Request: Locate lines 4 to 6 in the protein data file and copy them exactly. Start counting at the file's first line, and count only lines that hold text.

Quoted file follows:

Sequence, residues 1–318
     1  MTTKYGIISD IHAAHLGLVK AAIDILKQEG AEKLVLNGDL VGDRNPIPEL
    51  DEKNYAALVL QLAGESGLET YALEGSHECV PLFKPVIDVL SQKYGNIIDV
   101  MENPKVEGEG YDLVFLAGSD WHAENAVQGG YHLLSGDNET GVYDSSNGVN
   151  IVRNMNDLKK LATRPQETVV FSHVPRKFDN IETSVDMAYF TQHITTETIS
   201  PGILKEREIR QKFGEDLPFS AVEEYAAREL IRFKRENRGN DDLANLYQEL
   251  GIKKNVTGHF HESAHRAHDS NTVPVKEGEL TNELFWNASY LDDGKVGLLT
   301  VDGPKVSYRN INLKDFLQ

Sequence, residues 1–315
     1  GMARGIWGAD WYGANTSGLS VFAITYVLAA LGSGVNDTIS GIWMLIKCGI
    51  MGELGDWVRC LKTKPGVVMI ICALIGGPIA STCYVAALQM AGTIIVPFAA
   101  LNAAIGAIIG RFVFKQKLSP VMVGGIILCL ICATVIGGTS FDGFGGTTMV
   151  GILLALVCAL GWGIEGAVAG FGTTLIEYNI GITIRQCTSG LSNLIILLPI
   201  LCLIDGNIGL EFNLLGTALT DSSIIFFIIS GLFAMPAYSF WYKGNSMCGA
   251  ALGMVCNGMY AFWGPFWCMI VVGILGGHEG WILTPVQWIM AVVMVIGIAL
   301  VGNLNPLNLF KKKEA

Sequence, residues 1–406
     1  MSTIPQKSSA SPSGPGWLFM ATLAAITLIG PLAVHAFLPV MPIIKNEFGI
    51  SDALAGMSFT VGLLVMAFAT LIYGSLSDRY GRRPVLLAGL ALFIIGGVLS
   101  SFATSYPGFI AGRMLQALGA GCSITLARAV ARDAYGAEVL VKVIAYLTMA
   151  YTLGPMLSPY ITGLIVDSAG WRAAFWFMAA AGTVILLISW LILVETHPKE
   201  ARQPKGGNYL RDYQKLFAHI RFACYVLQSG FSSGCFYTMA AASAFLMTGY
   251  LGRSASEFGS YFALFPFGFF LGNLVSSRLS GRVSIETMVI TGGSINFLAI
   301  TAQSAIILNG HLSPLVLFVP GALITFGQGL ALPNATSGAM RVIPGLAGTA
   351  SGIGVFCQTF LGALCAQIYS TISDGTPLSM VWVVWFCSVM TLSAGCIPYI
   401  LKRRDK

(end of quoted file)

   101  MENPKVEGEG YDLVFLAGSD WHAENAVQGG YHLLSGDNET GVYDSSNGVN
   151  IVRNMNDLKK LATRPQETVV FSHVPRKFDN IETSVDMAYF TQHITTETIS
   201  PGILKEREIR QKFGEDLPFS AVEEYAAREL IRFKRENRGN DDLANLYQEL